The media world is undergoing rapid change. Some traditional journalists are now doing jobs they never dreamed of doing a decade ago. Others are transitioning into new roles in the corporate world.
He also led social media coverage for NBC News. Over time, he became widely recognized as one of the most innovative thinkers in the social media space, with more than 70,000 followers on Google Plus and over 22,000 Twitter followers.
Now he manages a Sabres social media network that has over 600,000 followers. We caught up with Craig to ask him how the transition is going:
Why does an NHL team need a dedicated social media manager?
Social media is so important these days, sports is huge on social media, and it's imperative all teams have a social media presence. The fans, particularly in our market, are extremely passionate and active on social media and there's no reason not to build a bridge with them and be a part of that conversation. If you're able to engage, inform and entertain the fans in real-time, that's ideal. Having a set person to lead the strategy, monitor what's being said, communicate with fans and the rest of the organization, and keeping up on the latest social media trends can really help the team.
What led you to leave media for your current position?
I'm not sure I really left media. I feel social media is a form of media; it continues to evolve and have a significant impact on the traditional media world. That said, I did leave a more traditional form of media, you could say, but it was an easy decision -- the opportunity to work with my all-time favorite sports team, back in my hometown, was one I could not pass up. It is a thrill and I'm looking forward to continuing to grow with this team in the years ahead.
How is your job different now than it was before?
The biggest change from a general news operation to a sports team is that a lot of sports evolves around a set schedule. General news can happen at anytime, and although there is breaking news in sports, there is more or less a schedule to when things happen. The bulk of your work centers around the games, game days, practices, and major events that you know about in advance. Working in general news, I almost never knew what lied ahead on a given day when I got to work; now there is more of a schedule. I like the workflow a lot.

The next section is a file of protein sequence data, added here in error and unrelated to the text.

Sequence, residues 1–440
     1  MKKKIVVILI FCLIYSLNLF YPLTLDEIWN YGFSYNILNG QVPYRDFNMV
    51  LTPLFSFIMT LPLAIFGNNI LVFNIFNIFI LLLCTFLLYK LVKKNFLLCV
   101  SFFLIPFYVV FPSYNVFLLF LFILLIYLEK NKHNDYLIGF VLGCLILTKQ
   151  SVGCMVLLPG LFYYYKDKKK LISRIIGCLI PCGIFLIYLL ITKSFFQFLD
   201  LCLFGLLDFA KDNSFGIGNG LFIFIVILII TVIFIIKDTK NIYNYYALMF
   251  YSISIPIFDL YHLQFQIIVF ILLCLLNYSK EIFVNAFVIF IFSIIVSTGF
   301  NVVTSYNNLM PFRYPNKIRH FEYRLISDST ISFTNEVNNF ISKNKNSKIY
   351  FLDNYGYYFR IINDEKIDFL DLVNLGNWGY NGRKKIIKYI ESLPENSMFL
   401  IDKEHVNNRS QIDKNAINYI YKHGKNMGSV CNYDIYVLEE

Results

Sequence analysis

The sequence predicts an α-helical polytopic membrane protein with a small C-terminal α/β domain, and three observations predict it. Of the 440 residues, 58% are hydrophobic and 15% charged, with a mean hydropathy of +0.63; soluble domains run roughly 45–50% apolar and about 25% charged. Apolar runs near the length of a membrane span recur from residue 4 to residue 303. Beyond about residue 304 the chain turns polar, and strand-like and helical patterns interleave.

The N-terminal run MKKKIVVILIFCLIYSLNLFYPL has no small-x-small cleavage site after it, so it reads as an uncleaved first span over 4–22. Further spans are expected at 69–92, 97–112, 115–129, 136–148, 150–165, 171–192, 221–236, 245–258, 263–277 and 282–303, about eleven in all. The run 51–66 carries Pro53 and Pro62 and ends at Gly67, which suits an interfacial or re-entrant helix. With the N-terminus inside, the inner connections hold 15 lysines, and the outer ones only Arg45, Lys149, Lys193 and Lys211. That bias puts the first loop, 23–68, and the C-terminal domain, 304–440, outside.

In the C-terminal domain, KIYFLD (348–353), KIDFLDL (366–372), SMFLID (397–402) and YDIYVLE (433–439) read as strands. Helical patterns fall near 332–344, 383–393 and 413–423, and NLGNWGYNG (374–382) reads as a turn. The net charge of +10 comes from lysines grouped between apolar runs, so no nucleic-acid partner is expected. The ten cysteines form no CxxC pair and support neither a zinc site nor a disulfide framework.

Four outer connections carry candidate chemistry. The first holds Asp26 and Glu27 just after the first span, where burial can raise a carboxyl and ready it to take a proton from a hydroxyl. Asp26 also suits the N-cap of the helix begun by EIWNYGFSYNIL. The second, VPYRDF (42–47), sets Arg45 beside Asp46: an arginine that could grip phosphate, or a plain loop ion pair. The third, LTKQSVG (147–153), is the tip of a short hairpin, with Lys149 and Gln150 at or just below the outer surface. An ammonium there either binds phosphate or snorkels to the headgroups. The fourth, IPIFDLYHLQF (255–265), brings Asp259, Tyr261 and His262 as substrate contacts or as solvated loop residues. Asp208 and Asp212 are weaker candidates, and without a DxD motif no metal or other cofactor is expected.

What was the biggest challenge you've had in adjusting to your new role?
Even though I've always been an avid sports fan, huge hockey fan and Sabres fan, there was a bit of a learning curve in terms of how a sports team operates in comparison to a general news company. It goes back to the schedule as stated earlier, but also the goals are different. I've enjoyed the challenge though, have learned so much this year, and I'm looking forward to the next year.
What's been your social media strategy so far? Do you have a good idea of what works and what doesn't?
Social media is two-way, so one of the biggest parts of the strategy is engaging with the fans, listening and responding to them. Monitoring what the fans are saying at all times, and then relaying their feedback to the appropriate people in the organization, has been a huge part of the job. Also, communicating with the fans and providing information on all things Sabres in real-time has been a key priority. We have a passionate fan base and it seems they can't get enough info on the Sabres, so I try to keep feeding that. Now that I've worked with the team for an entire regular season, I have a good idea of what fans engage with the most, what doesn't work as much, and I'll build off of that going forward. I'll also continue to try new things too going forward.
You can follow Craig on Twitter @ckanal. For more information on how ScribbleLive can help your media transition, click here.